A walk through the exhibit hall at the recent American Telemedicine Association conference in Austin offered a spectacular tour of the latest health technologies and services. Almost all of the solutions feature high-definition displays of medical images that transport some aspect of medical care from distant locations to the doctor. From medical imaging to direct, real-time examinations of patients, these solutions promise unprecedented ease of access to care.
However, these compelling technologies may create fantasies of instantly-improved healthcare for the purchaser. The translation from exhibit hall to the field is more daunting than meets the eye. Telemedicine implementation holds some special challenges that many end users underestimate.
Here are a few reasons why:
An estimated 70 percent of technology implementations fail to meet management expectations when launched under the same roof of a single organization. Telemedicine projects, by contrast, characteristically involve:
- Multiple organizations, often unrelated or distantly related, whose strategies, goals and organizational cultures may be more or less ‘in sync’ with one another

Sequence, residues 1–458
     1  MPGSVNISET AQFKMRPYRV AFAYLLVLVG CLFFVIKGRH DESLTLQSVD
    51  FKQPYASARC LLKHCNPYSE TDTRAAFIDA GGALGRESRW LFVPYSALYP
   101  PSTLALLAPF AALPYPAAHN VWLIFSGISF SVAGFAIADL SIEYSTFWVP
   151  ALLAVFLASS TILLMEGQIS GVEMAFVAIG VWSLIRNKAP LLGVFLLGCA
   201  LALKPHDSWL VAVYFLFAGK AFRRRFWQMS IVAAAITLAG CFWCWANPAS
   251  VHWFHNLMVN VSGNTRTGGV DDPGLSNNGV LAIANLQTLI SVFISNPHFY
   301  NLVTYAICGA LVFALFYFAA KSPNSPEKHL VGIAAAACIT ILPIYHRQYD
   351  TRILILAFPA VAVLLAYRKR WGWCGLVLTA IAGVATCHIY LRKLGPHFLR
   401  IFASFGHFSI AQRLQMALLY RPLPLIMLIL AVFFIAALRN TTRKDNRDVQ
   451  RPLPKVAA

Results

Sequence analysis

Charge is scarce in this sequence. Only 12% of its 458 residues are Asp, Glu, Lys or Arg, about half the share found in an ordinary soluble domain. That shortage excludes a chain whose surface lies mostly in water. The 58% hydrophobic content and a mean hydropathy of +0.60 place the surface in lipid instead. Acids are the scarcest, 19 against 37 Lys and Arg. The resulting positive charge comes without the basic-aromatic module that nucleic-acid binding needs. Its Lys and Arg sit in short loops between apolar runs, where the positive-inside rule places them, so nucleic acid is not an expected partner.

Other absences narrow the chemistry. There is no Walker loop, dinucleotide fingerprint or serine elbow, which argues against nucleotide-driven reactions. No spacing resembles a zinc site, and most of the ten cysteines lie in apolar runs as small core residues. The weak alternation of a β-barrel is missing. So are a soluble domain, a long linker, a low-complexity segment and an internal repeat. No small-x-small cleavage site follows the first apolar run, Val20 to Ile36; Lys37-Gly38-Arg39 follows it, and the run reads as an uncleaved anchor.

- Independent management, medical and information technology personnel, whose sophistication, motivations and access to resources may be quite different (think well-resourced major medical center and a small rural hospital linked via telemedicine)
- Different Electronic Medical Record Systems that don’t yet deliver interoperability
- A highly complex and rapidly changing regulatory and reimbursement climate
For those who look at new telemedicine technologies and services and ask themselves, “how hard could this be?,” the answer is often, “much more complicated than it looks.”
Throughout this blog series, we’ve used the metaphor of the theatre to frame the essentials of telemedicine implementation. Think of a new play, simulcast between a big city and a small town, co-produced by a well-financed off-Broadway company and a dinner theatre team, and delivered in high-definition to multiple audiences.
If you think this play will need highly-coordinated planning, clear scripting and multiple dress rehearsals, you’re right. If you think your telemedicine project will take less, please reconsider.
Robert N. Cuyler, PhD is President of Clinical Psychology Consultants Ltd, LLP, a consulting firm focused on telemedicine strategy and implementation. He and Dutch Holland, PhD are co-authors of the book ‘Implementing Telemedicine: Completing Projects on Target On Time On Budget’. He can be reached at firstname.lastname@example.org. www.imtelemedicine.com